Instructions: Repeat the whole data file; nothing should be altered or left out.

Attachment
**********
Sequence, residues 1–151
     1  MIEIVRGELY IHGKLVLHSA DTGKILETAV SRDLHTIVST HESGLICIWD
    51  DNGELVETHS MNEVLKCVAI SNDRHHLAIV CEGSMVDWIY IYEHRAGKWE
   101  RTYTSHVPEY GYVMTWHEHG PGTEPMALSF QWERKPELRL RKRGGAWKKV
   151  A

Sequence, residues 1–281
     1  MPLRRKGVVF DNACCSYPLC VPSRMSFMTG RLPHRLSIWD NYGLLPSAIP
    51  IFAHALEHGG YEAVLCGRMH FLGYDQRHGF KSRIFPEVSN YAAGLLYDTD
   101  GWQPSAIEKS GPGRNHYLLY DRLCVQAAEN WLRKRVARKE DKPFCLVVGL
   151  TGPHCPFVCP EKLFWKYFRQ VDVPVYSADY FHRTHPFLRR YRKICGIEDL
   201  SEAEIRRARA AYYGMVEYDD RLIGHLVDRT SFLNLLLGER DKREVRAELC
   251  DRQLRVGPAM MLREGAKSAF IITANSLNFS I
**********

Sequence, residues 1–151
     1  MIEIVRGELY IHGKLVLHSA DTGKILETAV SRDLHTIVST HESGLICIWD
    51  DNGELVETHS MNEVLKCVAI SNDRHHLAIV CEGSMVDWIY IYEHRAGKWE
   101  RTYTSHVPEY GYVMTWHEHG PGTEPMALSF QWERKPELRL RKRGGAWKKV
   151  A

Sequence, residues 1–281
     1  MPLRRKGVVF DNACCSYPLC VPSRMSFMTG RLPHRLSIWD NYGLLPSAIP
    51  IFAHALEHGG YEAVLCGRMH FLGYDQRHGF KSRIFPEVSN YAAGLLYDTD
   101  GWQPSAIEKS GPGRNHYLLY DRLCVQAAEN WLRKRVARKE DKPFCLVVGL
   151  TGPHCPFVCP EKLFWKYFRQ VDVPVYSADY FHRTHPFLRR YRKICGIEDL
   201  SEAEIRRARA AYYGMVEYDD RLIGHLVDRT SFLNLLLGER DKREVRAELC
   251  DRQLRVGPAM MLREGAKSAF IITANSLNFS I